A FISCAL FIRST STEP; Congressional Record Vol. 151, No. 88
(House of Representatives - June 28, 2005)

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                          A FISCAL FIRST STEP

  (Mr. DeLAY asked and was given permission to address the House for 1 
minute and to revise and extend his remarks.)
  Mr. DeLAY. Mr. Speaker, this week the House will complete its 
constitutionally mandated initial round of work on the annual 
appropriations bills that fund our national government.
  This spring and summer, the House's restructured Committee on 
Appropriations and its staff have worked under an accelerated schedule 
and within an extremely disciplined fiscal budget environment, and they 
have produced bills that are worthy of the needs and values of the 
American people.
  When the final two of the House's 11 spending bills are passed this 
week, Foreign Operations and the Transportation, Treasury and Housing 
and Urban Development bills, the House will have put us on track to 
hold domestic discretionary spending next year below this year's level.
  If we hold to these levels, the Federal Government will realize a 
real cut in domestic discretionary spending in 2006 for the first time 
since the Reagan administration. By the end of this week, we will have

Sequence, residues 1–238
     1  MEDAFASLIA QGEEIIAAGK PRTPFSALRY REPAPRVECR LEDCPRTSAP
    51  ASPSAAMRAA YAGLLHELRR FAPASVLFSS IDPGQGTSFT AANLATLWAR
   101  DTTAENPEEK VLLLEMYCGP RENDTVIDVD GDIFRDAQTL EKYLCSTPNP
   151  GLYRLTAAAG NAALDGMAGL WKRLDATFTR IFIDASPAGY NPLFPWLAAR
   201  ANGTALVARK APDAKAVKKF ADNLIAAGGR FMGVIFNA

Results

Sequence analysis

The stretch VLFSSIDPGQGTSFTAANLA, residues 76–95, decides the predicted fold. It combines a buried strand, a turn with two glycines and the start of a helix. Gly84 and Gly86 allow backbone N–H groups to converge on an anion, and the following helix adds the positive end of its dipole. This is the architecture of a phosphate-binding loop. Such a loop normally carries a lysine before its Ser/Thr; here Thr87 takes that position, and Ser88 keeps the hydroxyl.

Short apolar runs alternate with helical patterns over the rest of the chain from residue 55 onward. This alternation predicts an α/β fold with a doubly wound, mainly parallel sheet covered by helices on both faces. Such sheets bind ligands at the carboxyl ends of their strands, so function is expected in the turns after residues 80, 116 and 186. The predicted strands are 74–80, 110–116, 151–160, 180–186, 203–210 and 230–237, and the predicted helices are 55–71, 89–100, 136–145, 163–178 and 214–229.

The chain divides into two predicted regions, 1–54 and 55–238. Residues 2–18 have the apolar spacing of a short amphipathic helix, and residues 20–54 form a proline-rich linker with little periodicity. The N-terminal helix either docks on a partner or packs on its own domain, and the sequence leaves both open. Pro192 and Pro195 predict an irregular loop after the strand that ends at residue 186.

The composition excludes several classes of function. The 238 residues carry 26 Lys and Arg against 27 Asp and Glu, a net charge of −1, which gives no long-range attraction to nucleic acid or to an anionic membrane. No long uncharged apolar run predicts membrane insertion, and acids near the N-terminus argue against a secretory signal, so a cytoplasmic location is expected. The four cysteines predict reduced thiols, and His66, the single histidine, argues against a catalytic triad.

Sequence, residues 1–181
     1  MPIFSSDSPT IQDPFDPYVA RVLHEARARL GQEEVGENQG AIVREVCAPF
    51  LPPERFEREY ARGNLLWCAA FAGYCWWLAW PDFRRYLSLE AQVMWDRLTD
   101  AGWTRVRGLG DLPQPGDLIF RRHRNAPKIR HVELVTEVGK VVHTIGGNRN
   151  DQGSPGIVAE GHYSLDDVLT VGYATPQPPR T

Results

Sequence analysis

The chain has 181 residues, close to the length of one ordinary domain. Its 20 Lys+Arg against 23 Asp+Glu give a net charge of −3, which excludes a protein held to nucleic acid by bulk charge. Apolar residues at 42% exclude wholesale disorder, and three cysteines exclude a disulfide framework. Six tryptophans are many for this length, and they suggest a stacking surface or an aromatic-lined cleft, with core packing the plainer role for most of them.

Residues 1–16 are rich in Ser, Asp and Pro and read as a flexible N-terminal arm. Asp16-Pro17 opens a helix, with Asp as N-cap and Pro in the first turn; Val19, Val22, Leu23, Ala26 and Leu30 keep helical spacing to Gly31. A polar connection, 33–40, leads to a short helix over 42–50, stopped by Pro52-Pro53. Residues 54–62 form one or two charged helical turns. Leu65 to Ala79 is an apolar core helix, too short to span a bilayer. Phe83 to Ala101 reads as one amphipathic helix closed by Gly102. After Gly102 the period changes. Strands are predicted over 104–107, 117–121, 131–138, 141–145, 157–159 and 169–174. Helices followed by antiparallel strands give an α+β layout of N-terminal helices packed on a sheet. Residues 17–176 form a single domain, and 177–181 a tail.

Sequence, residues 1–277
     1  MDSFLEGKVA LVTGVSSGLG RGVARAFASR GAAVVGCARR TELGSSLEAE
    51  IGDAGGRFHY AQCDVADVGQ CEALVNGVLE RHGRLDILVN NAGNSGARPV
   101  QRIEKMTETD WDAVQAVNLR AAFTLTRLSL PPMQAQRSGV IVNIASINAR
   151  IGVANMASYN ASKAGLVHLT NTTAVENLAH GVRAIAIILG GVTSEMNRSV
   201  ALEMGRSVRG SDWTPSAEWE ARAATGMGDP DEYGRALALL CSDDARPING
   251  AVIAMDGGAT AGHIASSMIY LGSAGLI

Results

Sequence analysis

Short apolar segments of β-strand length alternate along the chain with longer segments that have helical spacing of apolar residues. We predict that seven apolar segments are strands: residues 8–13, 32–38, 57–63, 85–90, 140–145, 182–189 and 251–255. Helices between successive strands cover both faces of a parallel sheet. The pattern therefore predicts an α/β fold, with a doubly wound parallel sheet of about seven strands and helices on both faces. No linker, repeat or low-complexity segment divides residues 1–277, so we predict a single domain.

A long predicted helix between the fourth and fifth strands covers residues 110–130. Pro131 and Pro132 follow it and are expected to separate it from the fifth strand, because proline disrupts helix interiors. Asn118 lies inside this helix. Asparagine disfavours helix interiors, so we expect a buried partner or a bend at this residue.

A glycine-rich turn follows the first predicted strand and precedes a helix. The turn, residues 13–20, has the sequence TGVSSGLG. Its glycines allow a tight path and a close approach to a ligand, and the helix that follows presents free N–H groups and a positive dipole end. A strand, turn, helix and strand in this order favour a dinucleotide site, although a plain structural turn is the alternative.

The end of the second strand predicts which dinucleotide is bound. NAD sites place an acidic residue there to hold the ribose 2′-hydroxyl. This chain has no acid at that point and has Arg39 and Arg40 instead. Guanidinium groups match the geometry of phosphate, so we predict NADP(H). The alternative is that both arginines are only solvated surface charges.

targeted more than 100 low-priority government programs for 
termination, more than even President Bush proposed in his austere 
  These difficult, but necessary, reductions will tighten the Federal 
Government's belt to the tune of $4.6 billion. In these bills, the 
House has met our Nation's pressing needs here at home and around the 
world, but at the same time has held every program accountable to the 
American people. Passage of these bills puts us on a path to deficit 
reduction, just as Republicans promised at the beginning of this 
  As we showed in the 1990s, the best, and indeed the only, way to cut 
the deficit is to hold down government spending while creating an 
environment for greater economic growth through tax relief. That is 
exactly what is happening now.
  With Federal revenues up and spending checked and even reduced, the 
Congressional Budget Office has lowered its projected deficit for the 
year. We are finally on that glide-path to balance. The gentleman from 
California (Mr. Lewis) deserves an enormous amount of credit for this 
achievement, and I would be remiss if I did not also thank the 
gentleman from Wisconsin (Mr. Obey), the ranking member, for his work, 
especially given this year's accelerated schedule and restructured 
  The House has taken the first step toward reaffirming fiscal 
accountability again in 2006; but with the process only half over, you 
can bet, Mr. Speaker, it will not be our last.